Staples Center Rumors

Kanye West turned 38 on Monday, and his wife, Kim Kardashian, helped him celebrate with a truly epic gift: she rented out the Staples Center in LA and brought all of the rapper’s friends along for a basketball game. Instead of watching the Los Angeles Lakers take the court, Kanye and his friends split themselves into two teams — East and West — for their own game. Kim’s sister Khloé shared an Instagram snap of the group in their jerseys, writing, “Kim rented out staples b*tch!!! Him and his boys are going to ball!!!! Happy birthday Yeezy!!!!” Kylie Jenner also posted a photo of herself with Khloé and her BFF Malika getting silly courtside.
Although Jim and Jeanie Buss say the family is committed to keeping the team, it only requires a “yes” vote by four Buss siblings to force the sale of the Lakers. Philip Anschutz, whose company owns Staples Center and the NHL Kings, and who personally owns 27% of the Lakers, holds the “first look” if the Buss family decides to sell its two-thirds ownership stake. It’s not as strong as a right of first refusal, but it allows Anschutz a chance to buy the team. But if Anschutz passed because the Busses asked for too much, the Chicago investment group Guggenheim Partners, owner of the Dodgers, would eagerly jump into the bidding. The Guggenheim group envisions employing former Lakers star Magic Johnson as the ceremonial face of the franchise, a role he currently holds with the Dodgers.
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Golden State Warriors forward Jermaine O’Neal confronted forward Blake Griffin in the hallway outside the Los Angeles Clippers’ locker room at Staples Center after L.A.’s 111-98 win Wednesday night. The two had a heated conversation that was quickly broken up by a Clippers official who led Griffin to the adjacent news conference room.
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Oklahoma City center Kendrick Perkins has returned to Texas because of the passing of his grandfather and will miss the Thunder’s next two games, league sources told Yahoo Sports on Wednesday. Perkins won’t play against the Los Angeles Clippers on Wednesday at Staples Center, nor against the Golden State Warriors on Thursday night in Oakland, league sources told Yahoo Sports.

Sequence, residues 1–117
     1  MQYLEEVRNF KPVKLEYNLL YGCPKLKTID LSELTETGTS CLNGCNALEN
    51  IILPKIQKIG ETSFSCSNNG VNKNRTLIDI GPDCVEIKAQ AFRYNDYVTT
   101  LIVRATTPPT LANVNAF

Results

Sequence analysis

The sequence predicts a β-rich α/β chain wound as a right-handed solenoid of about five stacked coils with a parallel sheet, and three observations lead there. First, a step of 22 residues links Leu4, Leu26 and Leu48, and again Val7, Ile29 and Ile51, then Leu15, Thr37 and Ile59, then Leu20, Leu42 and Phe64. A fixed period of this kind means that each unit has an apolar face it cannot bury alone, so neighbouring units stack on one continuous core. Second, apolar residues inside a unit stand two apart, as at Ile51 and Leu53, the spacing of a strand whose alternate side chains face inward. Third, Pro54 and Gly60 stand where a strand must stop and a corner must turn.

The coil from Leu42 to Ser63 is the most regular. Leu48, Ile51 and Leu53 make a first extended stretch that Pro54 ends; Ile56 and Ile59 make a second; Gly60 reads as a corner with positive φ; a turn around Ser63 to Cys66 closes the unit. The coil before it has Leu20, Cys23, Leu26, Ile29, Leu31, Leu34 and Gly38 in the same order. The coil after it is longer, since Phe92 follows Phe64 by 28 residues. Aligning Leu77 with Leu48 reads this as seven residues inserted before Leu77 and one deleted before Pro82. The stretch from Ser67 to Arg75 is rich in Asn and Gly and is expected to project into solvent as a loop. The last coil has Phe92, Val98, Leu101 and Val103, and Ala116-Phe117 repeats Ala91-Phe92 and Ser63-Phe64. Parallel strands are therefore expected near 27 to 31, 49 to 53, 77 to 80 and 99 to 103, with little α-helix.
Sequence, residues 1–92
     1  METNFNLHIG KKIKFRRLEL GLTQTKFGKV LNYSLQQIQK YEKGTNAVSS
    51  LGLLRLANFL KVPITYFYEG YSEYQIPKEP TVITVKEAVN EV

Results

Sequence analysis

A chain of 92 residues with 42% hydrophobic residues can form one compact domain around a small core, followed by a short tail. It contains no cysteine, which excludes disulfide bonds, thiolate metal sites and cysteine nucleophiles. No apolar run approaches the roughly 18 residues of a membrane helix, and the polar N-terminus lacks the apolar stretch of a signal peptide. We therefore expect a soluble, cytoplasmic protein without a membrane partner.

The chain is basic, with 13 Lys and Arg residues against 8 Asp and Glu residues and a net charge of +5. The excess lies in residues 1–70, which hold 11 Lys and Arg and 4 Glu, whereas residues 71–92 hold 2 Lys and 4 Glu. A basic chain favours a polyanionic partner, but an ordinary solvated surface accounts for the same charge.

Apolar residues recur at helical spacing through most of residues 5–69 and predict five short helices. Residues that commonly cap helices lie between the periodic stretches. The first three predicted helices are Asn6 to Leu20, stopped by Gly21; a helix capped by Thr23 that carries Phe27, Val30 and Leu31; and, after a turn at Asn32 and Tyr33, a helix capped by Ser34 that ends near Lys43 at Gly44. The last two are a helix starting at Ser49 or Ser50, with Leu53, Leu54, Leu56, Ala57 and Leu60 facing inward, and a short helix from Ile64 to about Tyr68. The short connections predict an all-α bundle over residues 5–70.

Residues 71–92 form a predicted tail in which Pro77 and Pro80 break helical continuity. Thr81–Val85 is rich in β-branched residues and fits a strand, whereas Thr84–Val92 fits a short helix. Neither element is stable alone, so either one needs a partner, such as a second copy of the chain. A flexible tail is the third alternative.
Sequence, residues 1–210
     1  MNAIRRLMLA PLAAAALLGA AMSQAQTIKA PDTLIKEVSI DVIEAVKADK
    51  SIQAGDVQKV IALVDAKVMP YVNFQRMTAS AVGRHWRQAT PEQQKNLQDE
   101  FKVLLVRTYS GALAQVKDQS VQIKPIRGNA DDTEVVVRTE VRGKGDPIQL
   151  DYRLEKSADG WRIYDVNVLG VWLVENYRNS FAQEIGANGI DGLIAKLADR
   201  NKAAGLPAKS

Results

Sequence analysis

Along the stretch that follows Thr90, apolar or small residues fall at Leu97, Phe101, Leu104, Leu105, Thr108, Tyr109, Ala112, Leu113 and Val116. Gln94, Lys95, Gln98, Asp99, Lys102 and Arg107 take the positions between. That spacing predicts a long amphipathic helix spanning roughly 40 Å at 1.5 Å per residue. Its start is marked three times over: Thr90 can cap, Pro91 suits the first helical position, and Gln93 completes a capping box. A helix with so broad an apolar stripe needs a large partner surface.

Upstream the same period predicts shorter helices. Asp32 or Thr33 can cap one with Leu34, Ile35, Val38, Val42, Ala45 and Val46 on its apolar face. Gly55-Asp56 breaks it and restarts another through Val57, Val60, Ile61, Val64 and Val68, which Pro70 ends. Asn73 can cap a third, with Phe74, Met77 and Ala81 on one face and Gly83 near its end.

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The Los Angeles Lakers were mostly diplomatic when asked about the Los Angeles Clippers’ new initiative, led by coach Doc Rivers, to cover up the Lakers’ championship banners and retired uniforms during Clippers home games, but it didn’t sit so well with L.A. native, and former Clipper, Nick Young. “He can do that?” Young said after Lakers practice Sunday, the team’s first since returning from China. “For real? That’s disrespectful. We got to talk to Doc. He can’t have that. We got to do something about that.”
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Bryant delivered a minute-long speech Wednesday about Jerry Buss, the longtime Lakers owner who died Monday. He delivered the speech before the Lakers played the Boston Celtics, a perfect moment in a rivalry Buss helped build. “On Monday we lost what we all know to be the greatest owner in sports, ever,” Bryant said. “He was a brilliant, incredible owner, but he was even a better person with a great heart. His vision transcended the game, and we are all spoiled by his vision and by his drive to win year after year after year. “And through our years being here at Staples Center, the one thing we could always count on was the great Jerry Buss overlooking his franchise from his box. I’d like to ask all of you to please join us in a moment of silence to honor the great Dr. Jerry Buss.”
On Buss increasing ticket prices and that leading to a stronger economic structure for the league: “It contributed to making it possible to change the economic model of the league. Because in 1987 or thereabouts, our entire arena infrastructure began to be rebuilt, starting I guess with the Palace at Auburn Hills. And then, in the last 30 years or so, every team has played in either a new, a rebuilt, or another new one. … And it would all be made possible by a change to the economics of the league. And really, the buildings became entertainment centers. They became entertainment palaces — video boards, enhanced lighting, restaurants and the like, suites. And the Forum of course was the precursor of most of that, and then Staples Center has taken it to the next level.”
These days, more and more hearty vegetarian meals are popping up at sports venues across the continent. So, after years of ranking the most vegetarian-friendly Major League Baseball parks and NFL stadiums, PETA has surveyed the top vegetarian-friendly NBA arenas, and the results are in: 1. STAPLES Center Because Lob City is playing its best basketball in years, thanks to Blake Griffin and Chris Paul, Clippers fans may have more to cheer about this year than Lakers fans do. But fans of both teams have reason to celebrate the STAPLES Center’s awesome vegetarian fare. With vegan sloppy Joes, a veggie burger, vegan sushi, a grilled veggie sandwich, and a hummus-and-pita plate, the STAPLES Center’s vegetarian concessions are a slam dunk for fans, no matter which team they’re rooting for.